Note: A common misconception is that you should only use one antivirus product. Using multiple scanners is dangerous, since they could conflict and create unnecessary problems. However, most of those conflicts either occur openly, and can be identified and resolved, or don’t occur at all. Generally when you try to use an incompatible AV product, it will either tell you during the installation to get rid of the other product, pop-up with an error message because the other product is incompatible, disable a module due to a conflict, or crash the computer. Rarely will a scanner ever appear to work fine when actually it isn’t. Although most people don’t really advise it, having multiple scanners will increase detection rates, and will be much better overall, assuming that there are no conflicts. As long as the noticeable conflicts are found beforehand, you can usually avoid most problems or complications. Products like BitDefender are generally more compatible than products like F-Secure, and by trying out you own combinations, you could actually make your computer much safer overall. I would highly recommend having two different products; not necessarily running together, but having at least one there to use on-demand to find the threats that the other missed.

    The Bug Picture

    AV software is unique because many of the products are similar, but many are different. Many of the scanners are considered better simply because they are easy to use, or because of low resource consumption. But for selecting any AV software, the primary factor should always be detection rates. If a scanner can’t detect threats, what’s the point in using it? As far as testing is concerned, most tests that magazines, reviewers, or even virus labs use to assess virus detection ability are in themselves flawed, and are really a crappy indication of how good the software is.. The only really noteworthy testing/certification that I could find were either the winners of the VB100% award, since they were tested against the official wild list, and the testing done at www.AV-Comparatives.org. Most other tests had too few virus samples to be very accurate, and put too much emphasis on appearance instead of results. Other factors, like how easy the software is to use, or how fast it is should also be taken into consideration, but basically almost any of these products could fit the criteria. If you want to pick an AV product, the best thing to do would be to download the free trial, see if you like it, and buy it if you do. Products like Kaspersky are much better overall than AVG or Avast, but the majority of users use AVG or Avast anyway. Hopefully, by reading this guide, you will have a better understanding of AV software.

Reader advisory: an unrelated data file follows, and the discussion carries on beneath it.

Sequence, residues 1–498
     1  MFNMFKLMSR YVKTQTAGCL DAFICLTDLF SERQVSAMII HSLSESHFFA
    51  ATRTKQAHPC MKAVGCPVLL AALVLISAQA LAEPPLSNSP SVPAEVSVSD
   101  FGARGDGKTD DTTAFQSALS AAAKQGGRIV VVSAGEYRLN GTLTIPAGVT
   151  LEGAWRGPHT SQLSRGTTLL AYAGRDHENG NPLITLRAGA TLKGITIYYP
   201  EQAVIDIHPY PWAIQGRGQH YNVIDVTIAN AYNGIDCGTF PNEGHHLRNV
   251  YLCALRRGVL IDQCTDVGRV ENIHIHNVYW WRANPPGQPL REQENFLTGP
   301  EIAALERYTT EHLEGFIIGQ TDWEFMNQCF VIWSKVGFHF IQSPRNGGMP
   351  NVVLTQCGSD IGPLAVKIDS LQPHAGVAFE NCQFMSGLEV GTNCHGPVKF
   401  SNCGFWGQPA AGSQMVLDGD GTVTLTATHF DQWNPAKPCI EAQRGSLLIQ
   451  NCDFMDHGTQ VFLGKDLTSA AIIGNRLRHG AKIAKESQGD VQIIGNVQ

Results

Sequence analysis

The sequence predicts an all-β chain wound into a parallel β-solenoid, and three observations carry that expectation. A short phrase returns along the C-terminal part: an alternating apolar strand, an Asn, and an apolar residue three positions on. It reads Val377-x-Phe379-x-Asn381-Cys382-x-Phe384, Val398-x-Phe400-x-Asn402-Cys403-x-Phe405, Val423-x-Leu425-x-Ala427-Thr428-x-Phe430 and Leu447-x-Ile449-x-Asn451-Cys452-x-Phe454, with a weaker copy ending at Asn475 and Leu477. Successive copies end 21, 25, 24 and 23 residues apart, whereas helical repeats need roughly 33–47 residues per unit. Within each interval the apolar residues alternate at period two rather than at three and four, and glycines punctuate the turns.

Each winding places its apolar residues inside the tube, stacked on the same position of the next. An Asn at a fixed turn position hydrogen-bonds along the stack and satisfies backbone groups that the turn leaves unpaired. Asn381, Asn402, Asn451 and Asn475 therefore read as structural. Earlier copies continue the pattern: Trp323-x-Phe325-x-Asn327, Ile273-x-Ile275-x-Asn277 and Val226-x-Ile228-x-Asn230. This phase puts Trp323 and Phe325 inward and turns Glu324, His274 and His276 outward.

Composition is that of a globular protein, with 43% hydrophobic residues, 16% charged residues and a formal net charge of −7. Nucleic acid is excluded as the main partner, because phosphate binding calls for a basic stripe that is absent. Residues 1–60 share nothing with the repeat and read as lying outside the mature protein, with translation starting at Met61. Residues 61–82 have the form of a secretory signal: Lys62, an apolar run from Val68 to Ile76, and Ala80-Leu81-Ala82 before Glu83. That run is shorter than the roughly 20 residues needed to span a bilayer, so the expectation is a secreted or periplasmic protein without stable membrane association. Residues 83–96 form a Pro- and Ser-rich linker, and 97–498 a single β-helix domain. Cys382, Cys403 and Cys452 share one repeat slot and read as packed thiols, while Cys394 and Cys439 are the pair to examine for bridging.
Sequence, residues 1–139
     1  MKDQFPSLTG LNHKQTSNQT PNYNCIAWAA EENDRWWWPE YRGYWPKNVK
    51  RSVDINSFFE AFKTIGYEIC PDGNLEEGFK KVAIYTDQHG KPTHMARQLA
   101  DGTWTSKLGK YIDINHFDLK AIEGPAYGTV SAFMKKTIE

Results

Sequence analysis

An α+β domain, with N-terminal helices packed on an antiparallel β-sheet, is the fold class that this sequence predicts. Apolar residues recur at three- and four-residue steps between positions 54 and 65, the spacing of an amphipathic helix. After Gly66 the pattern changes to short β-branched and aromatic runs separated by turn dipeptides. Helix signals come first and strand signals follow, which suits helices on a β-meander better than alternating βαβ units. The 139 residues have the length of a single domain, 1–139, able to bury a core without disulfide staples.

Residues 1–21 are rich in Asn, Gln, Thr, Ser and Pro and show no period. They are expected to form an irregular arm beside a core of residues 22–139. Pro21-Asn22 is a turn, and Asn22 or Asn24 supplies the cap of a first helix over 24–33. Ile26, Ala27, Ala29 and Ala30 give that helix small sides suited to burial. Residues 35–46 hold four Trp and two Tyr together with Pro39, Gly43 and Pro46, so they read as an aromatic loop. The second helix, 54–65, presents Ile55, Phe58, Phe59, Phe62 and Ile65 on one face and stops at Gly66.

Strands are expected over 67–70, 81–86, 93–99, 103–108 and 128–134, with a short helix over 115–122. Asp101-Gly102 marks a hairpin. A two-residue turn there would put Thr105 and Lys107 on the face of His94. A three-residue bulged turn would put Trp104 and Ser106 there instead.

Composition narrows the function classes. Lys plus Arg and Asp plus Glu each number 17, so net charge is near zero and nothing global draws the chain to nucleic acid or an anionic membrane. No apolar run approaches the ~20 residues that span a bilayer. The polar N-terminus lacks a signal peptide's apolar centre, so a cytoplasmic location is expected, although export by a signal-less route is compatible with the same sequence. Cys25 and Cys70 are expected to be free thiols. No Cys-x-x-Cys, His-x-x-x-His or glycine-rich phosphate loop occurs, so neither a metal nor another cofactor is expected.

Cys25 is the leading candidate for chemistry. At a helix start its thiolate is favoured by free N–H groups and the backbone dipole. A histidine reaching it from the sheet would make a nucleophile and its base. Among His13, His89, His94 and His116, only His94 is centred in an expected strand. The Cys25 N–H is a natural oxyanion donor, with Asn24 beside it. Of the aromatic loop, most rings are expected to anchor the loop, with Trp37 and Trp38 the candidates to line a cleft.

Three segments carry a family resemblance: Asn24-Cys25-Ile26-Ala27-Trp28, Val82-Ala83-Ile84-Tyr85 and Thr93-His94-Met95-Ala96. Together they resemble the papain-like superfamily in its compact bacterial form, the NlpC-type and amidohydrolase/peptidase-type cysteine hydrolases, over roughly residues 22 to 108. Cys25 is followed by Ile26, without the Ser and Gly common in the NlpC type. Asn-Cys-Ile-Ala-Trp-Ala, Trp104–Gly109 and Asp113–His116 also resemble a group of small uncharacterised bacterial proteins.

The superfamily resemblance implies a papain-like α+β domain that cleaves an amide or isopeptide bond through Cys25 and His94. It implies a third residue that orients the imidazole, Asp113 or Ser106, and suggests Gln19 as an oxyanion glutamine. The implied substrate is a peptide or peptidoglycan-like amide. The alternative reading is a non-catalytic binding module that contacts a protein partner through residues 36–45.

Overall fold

Thanks for Reading!
     
  2. matt330ci

    matt330ci Notebook Guru

    Reputations:
    0
    Messages:
    59
    Likes Received:
    0
    Trophy Points:
    15
    thanks for the thorough writeup!
     
  3. soldier0316

    soldier0316 Notebook Evangelist

    Reputations:
    9
    Messages:
    305
    Likes Received:
    0
    Trophy Points:
    30